: She comes the full Alderaanian Princess, and demands to know if that’s how they address their Mal’ary’ush. She tries to read the sense of the six in the room with the Force, but can’t (or thinks she can’t). The center Noghri steps forward and Leia identifies her as female, and deduces this must be the maitrakh, “a female leader of a local family or subclan structure” as Threepio nervously defines the word. The maitrakh demands proof that Leia is the Mal’ary’ush, so Leia offers her hand. As Khabarakh did back in the bedroom on Kashyyyk, the maitrakh identifies her positively by sniffing her hand. But she is not happy: “I greet you, Lady Vader. But I do not welcome you. ”
(She addresses Khabarakh as “thirdson” around here, which can be read two ways.)
: Stick a pin in that one…though I wonder if one noticed that because it’s clearly important now, or if it was a standout at a first read. The former for me. It slipped right by me.
: Leia asks why no greeting, and the Noghri leader gives a very responsible and actually reasonable response: You may be the heir of Lord Vader, but you didn’t serve the Emperor, you don’t serve our current Lord, the Grand Admiral, you bring discord and we don’t need more of that in Honoghr.
: Thus putting the probem front and center for Leia: she is a disruption. A positive one, sure, but how can she show the Noghri the big picture in a way that they actually accept and agree with?
: In the back of her head Leia has been sensing Chewie approaching, agitated, and in fact he bursts into the room at this point. The Noghri are startled, but before they can react, Chewie growls a warning: A pair of Lambda-class shuttles are approaching, one from the orbit and another from the city of Nystao where, in the last Chapter, we had left Thrawn and Pellaeon. Imperials. Khabarakh asks the maitrakh that his pledge of protection be honored. The maitrakh hesitates, but assents: She’s agreed to hide them from the Grand Admiral, “at least for now. ” Now in a real hurry, Khabarakh rushes them all out, saying that he’ll hide Threepio and Leia’s analysis equipment among the decon droids which are stored on a nearby shed—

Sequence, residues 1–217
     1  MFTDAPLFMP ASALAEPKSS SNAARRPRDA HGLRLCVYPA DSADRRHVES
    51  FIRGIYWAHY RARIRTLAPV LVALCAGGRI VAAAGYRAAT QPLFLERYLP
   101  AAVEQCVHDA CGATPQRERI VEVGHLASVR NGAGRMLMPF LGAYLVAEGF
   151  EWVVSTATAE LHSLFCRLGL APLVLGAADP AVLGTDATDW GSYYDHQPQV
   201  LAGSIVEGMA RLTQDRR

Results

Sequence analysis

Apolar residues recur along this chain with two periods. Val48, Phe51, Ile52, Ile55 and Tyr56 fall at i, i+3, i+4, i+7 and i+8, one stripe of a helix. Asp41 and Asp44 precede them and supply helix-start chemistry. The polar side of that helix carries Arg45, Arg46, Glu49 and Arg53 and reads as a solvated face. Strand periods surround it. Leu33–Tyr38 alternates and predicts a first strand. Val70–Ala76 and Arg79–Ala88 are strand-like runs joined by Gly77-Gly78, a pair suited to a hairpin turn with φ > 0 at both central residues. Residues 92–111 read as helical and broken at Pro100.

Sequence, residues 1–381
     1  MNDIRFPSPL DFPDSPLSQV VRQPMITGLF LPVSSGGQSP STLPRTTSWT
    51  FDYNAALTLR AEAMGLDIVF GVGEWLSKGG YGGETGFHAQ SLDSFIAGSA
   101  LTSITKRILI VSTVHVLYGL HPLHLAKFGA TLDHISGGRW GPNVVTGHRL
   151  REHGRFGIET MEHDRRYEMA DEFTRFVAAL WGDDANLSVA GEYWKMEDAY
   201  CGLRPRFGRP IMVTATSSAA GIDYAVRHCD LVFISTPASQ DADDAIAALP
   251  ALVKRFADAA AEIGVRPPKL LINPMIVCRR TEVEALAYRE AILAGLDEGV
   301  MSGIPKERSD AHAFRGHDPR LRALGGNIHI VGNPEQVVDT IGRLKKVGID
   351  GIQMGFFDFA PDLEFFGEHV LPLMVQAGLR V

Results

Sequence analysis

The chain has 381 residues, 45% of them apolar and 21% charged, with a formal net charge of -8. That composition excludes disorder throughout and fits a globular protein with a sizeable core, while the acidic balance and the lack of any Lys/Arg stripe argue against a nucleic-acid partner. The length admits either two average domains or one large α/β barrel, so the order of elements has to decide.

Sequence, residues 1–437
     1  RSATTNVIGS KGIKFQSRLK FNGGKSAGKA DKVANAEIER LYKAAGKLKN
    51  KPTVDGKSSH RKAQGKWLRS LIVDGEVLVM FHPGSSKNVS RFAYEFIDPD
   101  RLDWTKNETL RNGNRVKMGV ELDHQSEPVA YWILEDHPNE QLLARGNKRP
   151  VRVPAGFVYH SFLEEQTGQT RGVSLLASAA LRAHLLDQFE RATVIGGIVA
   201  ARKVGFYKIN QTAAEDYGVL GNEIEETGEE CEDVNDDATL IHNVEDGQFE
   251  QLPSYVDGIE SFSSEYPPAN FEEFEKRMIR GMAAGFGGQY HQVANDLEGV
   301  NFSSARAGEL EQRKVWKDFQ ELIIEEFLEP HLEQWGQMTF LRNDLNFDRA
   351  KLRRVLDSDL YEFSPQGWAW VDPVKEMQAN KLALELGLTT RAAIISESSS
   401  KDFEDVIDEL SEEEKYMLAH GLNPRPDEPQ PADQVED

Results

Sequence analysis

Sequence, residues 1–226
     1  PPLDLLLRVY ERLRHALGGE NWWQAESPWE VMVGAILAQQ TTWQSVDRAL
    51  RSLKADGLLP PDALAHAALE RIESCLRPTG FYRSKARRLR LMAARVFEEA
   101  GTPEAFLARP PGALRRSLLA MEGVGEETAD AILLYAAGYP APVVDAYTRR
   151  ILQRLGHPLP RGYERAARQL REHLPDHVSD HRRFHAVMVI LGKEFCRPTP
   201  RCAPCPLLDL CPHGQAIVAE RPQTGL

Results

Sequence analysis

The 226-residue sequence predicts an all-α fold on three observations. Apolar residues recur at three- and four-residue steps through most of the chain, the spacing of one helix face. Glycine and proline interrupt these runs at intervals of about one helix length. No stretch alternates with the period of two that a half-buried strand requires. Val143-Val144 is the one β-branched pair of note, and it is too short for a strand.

—which is another example of a word coined so naturally that the eye just slides past it among all the other, familiar words—
—but Leia and the Wookie are going to light up every life-form sensor with identification capabilities like Coruscant at night by how not-Noghri they are. Leia quickly reviews all she knows about such sensors’ capabilities and announces that they need a heat source. Khabarakh points them to the bake house.
: Leia runs down that while the sensors can use breath and “molecule-chain EM polarization effects,” wherein Zahn shows off, we are reminded of the familiar-to-us infrared detection system from every modern military or even police anything.